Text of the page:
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Iran’s release of U.S. prisoners leaves Republicans in tough spot

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AP

Iran’s release of four Americans gives President Barack Obama the opportunity to deliver a harsh reminder to the Republicans wanting to succeed him: You can promise to pull back the hand I have extended to Iran and Cuba — nations the U.S. once cut off — but it won’t be easy and it may be lonely.

As Republican candidates vow to rewind Obama’s rapprochements on their first day in office, many U.S. allies and businesses interests have pressed forward with outreach to Iran. The next president may find Iran has established itself as a world player, a useful diplomatic power broker and a potential market for U.S. businesses.

Vowing to isolate Tehran may only isolate the U.S. from many of its allies.

Similarly, in Cuba, where Obama reversed decades of Cold War policy, American businesses are eyeing a new market while U.S. tourism is on the rise. Reversing the tide may prove as difficult as un-ringing a bell.

“It’s easy to reverse the policies, it’s hard not to be isolated in the process,” said Jon Alterman, Middle East analyst at the Center for Strategic and International Studies. “Can you force the rest of the world to see things the way you do? That’s a big question.”

The diplomacy with Iran after decades of divide fulfills Obama’s first inaugural promise “to extend a hand if you are willing to unclench your fist.” The Democratic president is facing plenty of criticism from Republicans, who have focused on his broader foreign policy, the rise of Islamic State militants and the upheaval in Syria.

But Saturday was a clear reminder of the forces working against the Republican contenders on Iran. The release of the Americans — four of them negotiated as a prisoner swap alongside nuclear talks and one worked out separately — removed a key argument that the U.S. should not lift sanctions while Americans are being held.

Most prominent among the prisoners was Jason Rezaian, a reporter with The Washington Post who had been detained since July 2014, when Iranian security forces raided his home and seized him and his wife. Rezaian, who was born in California and holds both U.S. and Iranian citizenship, was convicted in closed proceedings last year after being charged with espionage and related allegations.

Another freed prisoner was pastor Saeed Abedini, who was detained for compromising national security, presumably because of Christian proselytizing, in September 2012. He was sentenced in 2013 to eight years in prison. There are claims he was beaten in prison.

Meanwhile, the U.S. and other Western nations declared Iran had kept up its end of the landmark nuclear agreement completed last summer, triggering the removal of billions of dollars in economic sanctions and beginning to open up the gates for international businesses.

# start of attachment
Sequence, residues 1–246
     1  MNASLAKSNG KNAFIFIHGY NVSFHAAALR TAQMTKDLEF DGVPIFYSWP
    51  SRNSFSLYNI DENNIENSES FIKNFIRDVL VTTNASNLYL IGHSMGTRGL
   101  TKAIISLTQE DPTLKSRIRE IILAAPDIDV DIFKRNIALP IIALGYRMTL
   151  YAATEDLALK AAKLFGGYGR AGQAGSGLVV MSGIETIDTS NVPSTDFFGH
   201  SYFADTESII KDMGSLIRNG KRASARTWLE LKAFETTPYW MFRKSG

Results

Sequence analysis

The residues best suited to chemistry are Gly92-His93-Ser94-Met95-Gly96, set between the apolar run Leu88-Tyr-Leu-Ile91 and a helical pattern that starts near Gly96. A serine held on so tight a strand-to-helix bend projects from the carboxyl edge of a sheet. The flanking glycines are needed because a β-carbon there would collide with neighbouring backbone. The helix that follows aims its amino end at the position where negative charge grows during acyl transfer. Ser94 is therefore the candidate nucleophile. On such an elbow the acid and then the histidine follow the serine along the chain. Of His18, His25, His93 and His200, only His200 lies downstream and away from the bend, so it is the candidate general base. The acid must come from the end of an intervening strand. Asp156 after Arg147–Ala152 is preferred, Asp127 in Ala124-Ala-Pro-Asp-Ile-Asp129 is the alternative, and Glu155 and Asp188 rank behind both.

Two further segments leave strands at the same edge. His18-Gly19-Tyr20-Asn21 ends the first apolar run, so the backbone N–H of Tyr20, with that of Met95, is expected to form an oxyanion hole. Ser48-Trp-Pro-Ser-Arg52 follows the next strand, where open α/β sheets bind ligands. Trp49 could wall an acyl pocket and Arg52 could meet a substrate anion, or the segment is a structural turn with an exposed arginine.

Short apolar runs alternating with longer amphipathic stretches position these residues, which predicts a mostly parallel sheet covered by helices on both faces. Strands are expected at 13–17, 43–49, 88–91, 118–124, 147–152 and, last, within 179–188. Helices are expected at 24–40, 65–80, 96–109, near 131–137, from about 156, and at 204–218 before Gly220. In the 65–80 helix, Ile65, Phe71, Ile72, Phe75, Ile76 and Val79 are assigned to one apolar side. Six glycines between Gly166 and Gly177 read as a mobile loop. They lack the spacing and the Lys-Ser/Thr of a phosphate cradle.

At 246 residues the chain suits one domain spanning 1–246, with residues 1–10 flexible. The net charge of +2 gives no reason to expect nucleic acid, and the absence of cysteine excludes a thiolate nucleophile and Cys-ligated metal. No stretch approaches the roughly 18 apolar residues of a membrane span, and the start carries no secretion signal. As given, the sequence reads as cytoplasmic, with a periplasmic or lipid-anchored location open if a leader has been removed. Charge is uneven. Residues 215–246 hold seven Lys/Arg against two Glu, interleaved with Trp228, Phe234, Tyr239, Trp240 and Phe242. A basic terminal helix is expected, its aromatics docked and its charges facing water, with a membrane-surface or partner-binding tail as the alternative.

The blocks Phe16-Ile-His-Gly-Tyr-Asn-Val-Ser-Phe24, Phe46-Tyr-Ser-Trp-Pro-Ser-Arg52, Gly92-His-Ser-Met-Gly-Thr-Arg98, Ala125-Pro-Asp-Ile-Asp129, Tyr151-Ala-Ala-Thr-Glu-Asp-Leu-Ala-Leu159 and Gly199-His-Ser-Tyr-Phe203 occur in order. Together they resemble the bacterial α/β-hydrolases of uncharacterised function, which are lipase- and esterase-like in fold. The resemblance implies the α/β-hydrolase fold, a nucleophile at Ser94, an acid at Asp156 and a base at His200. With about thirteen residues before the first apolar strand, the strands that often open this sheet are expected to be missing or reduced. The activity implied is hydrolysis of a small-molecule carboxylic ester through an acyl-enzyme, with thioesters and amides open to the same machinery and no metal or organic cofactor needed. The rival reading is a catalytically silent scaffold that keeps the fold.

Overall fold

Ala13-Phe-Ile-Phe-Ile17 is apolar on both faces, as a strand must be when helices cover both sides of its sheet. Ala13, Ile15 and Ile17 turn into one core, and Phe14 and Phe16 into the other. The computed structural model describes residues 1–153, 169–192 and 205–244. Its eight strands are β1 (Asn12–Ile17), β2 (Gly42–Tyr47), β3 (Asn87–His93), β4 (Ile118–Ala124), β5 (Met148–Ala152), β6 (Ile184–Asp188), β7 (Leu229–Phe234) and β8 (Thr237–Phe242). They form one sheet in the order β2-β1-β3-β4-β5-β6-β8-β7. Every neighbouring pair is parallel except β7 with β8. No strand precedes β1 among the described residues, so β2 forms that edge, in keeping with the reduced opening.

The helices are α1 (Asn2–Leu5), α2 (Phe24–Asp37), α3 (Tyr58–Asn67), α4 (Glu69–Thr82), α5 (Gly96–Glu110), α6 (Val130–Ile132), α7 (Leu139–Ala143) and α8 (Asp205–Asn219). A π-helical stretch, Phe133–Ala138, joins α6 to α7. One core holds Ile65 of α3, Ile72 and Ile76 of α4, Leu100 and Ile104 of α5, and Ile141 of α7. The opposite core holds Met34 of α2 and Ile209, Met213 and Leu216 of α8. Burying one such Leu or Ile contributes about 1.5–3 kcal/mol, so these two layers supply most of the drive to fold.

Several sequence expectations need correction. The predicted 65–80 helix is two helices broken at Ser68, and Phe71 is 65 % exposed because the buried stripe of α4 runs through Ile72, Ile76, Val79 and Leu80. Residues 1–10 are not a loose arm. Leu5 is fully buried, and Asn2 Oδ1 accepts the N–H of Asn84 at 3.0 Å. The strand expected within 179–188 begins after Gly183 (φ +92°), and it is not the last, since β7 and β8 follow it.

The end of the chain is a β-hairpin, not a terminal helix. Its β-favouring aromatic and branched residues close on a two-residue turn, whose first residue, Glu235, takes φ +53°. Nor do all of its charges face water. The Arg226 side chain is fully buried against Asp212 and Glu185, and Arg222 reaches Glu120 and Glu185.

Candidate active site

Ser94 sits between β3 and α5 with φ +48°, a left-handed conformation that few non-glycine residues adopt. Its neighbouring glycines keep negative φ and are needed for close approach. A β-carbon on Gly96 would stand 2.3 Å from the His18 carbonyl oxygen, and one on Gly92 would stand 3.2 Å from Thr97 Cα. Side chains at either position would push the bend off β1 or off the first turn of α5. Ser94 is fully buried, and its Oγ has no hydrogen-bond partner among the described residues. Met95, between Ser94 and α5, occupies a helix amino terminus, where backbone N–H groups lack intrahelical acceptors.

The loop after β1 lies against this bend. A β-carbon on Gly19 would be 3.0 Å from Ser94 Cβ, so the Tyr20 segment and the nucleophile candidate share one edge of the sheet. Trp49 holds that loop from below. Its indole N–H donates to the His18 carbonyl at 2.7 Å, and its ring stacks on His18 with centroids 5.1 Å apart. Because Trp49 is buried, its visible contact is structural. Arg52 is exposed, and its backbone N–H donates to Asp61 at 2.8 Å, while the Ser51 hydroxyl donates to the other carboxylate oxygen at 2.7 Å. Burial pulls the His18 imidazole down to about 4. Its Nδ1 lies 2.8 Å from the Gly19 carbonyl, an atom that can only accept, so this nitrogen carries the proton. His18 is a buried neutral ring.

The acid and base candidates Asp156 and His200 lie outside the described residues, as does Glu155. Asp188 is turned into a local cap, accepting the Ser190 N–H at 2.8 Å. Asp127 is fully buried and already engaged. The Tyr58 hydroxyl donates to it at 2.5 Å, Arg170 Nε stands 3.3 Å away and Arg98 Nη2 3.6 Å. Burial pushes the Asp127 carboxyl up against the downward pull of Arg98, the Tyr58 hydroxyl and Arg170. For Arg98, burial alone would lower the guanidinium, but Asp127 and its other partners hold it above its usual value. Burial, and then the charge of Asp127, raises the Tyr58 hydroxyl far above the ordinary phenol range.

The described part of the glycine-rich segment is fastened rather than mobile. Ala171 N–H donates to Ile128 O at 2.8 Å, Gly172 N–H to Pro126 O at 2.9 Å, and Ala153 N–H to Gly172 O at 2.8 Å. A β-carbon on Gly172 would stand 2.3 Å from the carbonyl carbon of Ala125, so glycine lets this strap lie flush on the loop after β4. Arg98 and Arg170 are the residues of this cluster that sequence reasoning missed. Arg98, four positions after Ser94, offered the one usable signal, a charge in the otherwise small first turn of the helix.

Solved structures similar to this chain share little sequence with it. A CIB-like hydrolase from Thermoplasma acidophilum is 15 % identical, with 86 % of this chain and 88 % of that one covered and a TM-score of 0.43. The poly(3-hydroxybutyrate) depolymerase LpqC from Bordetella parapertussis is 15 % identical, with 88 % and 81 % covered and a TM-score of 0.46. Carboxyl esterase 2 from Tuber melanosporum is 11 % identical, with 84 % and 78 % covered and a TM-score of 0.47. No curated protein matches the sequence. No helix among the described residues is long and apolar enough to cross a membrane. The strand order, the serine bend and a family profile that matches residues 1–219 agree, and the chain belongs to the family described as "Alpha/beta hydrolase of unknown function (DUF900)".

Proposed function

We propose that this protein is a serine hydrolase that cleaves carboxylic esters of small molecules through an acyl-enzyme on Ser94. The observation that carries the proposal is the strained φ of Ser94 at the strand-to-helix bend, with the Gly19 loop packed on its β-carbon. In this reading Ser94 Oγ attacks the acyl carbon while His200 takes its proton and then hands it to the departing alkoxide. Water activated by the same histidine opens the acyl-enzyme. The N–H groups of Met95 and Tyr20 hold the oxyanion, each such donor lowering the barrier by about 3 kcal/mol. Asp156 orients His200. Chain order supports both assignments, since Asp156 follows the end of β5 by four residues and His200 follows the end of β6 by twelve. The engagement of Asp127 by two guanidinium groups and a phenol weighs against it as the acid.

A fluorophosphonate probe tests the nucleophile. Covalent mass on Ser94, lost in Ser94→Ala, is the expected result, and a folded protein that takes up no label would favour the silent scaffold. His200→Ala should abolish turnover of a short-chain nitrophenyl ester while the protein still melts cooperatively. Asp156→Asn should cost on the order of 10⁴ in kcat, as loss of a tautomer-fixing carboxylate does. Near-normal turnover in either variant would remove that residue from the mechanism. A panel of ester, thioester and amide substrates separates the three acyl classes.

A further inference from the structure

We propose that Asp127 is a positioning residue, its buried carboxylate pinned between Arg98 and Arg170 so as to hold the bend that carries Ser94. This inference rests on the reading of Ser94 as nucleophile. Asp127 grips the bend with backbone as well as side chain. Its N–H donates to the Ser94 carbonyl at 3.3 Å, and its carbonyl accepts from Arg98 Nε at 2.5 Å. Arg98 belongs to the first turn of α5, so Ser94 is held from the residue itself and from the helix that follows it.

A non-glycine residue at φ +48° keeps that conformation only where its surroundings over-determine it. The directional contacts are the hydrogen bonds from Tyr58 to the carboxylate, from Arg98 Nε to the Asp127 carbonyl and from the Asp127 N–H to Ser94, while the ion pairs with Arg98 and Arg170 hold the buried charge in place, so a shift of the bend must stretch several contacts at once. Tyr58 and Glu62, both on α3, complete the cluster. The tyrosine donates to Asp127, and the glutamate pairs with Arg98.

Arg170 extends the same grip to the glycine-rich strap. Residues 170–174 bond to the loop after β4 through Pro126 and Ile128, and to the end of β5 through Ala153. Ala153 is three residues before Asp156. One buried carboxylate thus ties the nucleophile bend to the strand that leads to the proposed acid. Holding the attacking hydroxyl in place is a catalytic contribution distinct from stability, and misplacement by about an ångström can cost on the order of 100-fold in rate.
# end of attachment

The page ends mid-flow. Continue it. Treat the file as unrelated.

“Today marks the first day of a safer world,” Secretary of State John Kerry said.

Republican presidential contenders did not see the moment as an achievement. While they gently praised the return of the Americans, they blasted the release of Iranian prisoners by the U.S. as part of the swap.

“While we celebrate their return,” Texas Sen. Ted Cruz said of the released Americans, “this deal serves as piece of propaganda for both Iran and the Obama administration.”

Cruz reprised his promise to “rip to shreds this catastrophic Iran nuclear deal.”

Former Florida Gov. Jeb Bush said he saw “weakness” in the Obama administration’s dealings with Iran.

“Let’s take a step back here,” Bush told a town hall meeting in New Hampshire. “The bigger issue is that we’ve legitimized a regime who shows no interest in actually moving toward the so-called community of nations.”

In truth, the U.S. has not been alone in shifting its pose toward Iran, which is part of what would make undoing it difficult. The nuclear deal was negotiated alongside France, Britain, Germany, Russia and China, a coalition that managed to hang together through lengthy discussions and difficult domestic politics. Since then, the U.S. has included Iran in talks negotiating an end to the Syrian civil war. White House officials say they see those talks as a test of whether other conversations are possible.

Some Republicans have acknowledged it may be difficult to cut off these ties. Bush has said “maybe we should check with our allies” before shredding the deal. Donald Trump, playing up his skills as a boardroom broker, has suggested he would renegotiate the nuclear deal.

But most, including Florida Sen. Marco Rubio and Cruz, have put tearing up the deal on their Day 1 to-do list if elected president.

What would happen on Day 2 is unclear. In a global economy, imposing unilateral U.S. sanctions would have limited impact on Iran and could serve to disadvantage U.S. businesses. Iran has suggested businesses are waiting at the gates to engage — indeed, the transport minister on Saturday announced a deal with the European consortium Airbus to buy 114 passenger planes after sanctions are lifted.

Rubio has warned U.S. businesses not to “gamble” on Iran, saying Tehran will inevitably violate the agreement, and if he is in the White House he will ensure a harsh punishment.

Rubio, a Cuban-American, has made similar warnings about Cuba, cautioning U.S. companies that doing business under the current leadership would be difficult and expensive.

Cuban officials have raised concerns about the Republicans’ promises to backtrack, saying that casts uncertainty over negotiations.

But there is little sign that the Republican rhetoric on Iran is slowing down Tehran’s increasing role as a player on the world stage.